TOWN OF HUNTINGTON, New York, Feb. 5
BY: Andrew Wroblewski
Typically, change doesn’t just happen – and usually it comes at a price.
On Jan. 29, as Town of Huntington officials, local government leaders, environmental experts and others gathered at the Northport Yacht Club to talk about Huntington and Northport water quality, Adrienne Esposito preached just that.
“Change isn’t cheap,” Esposito, director of nonprofit Citizens Campaign for the Environment, said. “We have to pay for the change.”
That change is necessary, Esposito – one of the eight panelists assembled to speak at the water quality seminar – said, because the water found in Huntington and Northport harbors just isn’t up to snuff.
Excessive nitrogen delivery from the land – which can be caused by a long list of factors, but perhaps most severely by septic tanks – is causing toxic algal blooms and low oxygen levels in the waters of Northport and Huntington, experts said.
“The 2014 Suffolk County Comprehensive Water Resources Management Plan notes the dramatic decline in our drinking waters and our surface waters, particularly with respect to nitrogen,” Suffolk County’s Director of Planning Sarah Lansdale – who filled in for County Executive Steve Bellone as he was ill – said. “Clean water is important to Suffolk County ecologically and environmentally… Last year, [Bellone] declared our ‘Reclaim Our Water’ initiative as his top priority of his administration.”
A county grant and loan to upgrade the Northport sewage treatment plant, which was completed last summer; $150,000 in funding for the Northport Community Sustainable Fisheries Initiative, which allows for the growth of muscles in Northport and Huntington harbors in bio-filtration efforts; and recent installations of advanced septic systems that can reduce nitrogen emissions by more than 50 percent, Lansdale said, are just a few of the ways the county and local governments have been stepping up to clean up the water – but there’s still more work to be done.
“I hope people [understand] that we’ve made some pretty good strides moving forward to improve the water quality, but there’s a heck of a lot more to do,” said Jon Ten Haagen, a member of the yacht club and one of the people who coordinated the panel, which he is hopeful will become an annual event. “We need the people who use the water to be supportive of these efforts.”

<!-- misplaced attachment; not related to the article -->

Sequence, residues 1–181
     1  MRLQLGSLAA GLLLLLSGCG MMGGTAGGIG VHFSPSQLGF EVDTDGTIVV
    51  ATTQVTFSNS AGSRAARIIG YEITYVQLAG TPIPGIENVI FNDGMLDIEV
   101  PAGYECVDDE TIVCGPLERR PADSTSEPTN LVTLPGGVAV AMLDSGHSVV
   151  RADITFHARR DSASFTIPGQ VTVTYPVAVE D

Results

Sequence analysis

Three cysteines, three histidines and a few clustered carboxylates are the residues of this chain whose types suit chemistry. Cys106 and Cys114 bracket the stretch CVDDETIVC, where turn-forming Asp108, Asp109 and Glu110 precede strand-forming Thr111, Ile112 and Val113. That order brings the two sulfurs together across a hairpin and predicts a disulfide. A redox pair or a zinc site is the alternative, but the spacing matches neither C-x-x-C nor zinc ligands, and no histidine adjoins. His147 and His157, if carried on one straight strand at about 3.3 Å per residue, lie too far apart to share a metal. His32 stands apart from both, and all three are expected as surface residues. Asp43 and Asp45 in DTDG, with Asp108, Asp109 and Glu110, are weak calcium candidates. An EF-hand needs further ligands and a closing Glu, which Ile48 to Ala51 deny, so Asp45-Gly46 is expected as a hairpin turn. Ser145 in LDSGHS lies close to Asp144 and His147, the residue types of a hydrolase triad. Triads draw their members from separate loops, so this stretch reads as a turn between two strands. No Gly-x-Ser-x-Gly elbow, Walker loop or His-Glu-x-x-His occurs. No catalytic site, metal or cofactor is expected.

Increasing public awareness to the issue is one of the means to finding a solution that panelist Ed Carr – also Huntington’s director of maritime services – spoke of during his time. Along with tidal flushing, storm water control, increasing bivalves and the elimination of illicit discharges, Carr said, there are ways to attack the issue from multiple angles.
As far as how the public can help out, Tracy Brown – director of Western Long Island Sound Programs, Save the Sound – touched on three topics: control land use by staying active and monitoring what is being built and how it may affect things like storm run-off; collect, publish and use data to educate others and identify and eliminate pollution sources; and be a “watchdog” by looking for the “low hanging fruit of water pollution.”
“Your enforcement people can’t be here all the time,” Brown said. “If you see evidence [of pollution]… call your local authorities, take a picture and send it [in]. This is something we all have to do… it’s an all hands on deck moment if this is going to be a sustainable community out here.”
However, one of the biggest roadblocks to water quality improvement is funding.
Huntington Supervisor Frank Petrone was hopeful that, with the crowd gathered at the yacht club – which consisted of several officials connected to the Town of Huntington – that roadblock will be a bit easier to maneuver.
“These are the people that can make it [improving water quality] happen,” Petrone said before the panel and the gathered crowd. “And, most important, [they can] help us look for funding.”
Originally published: Long Islander News: Half Hollow Hills
(Thursday, Feb. 5, 2015; A6)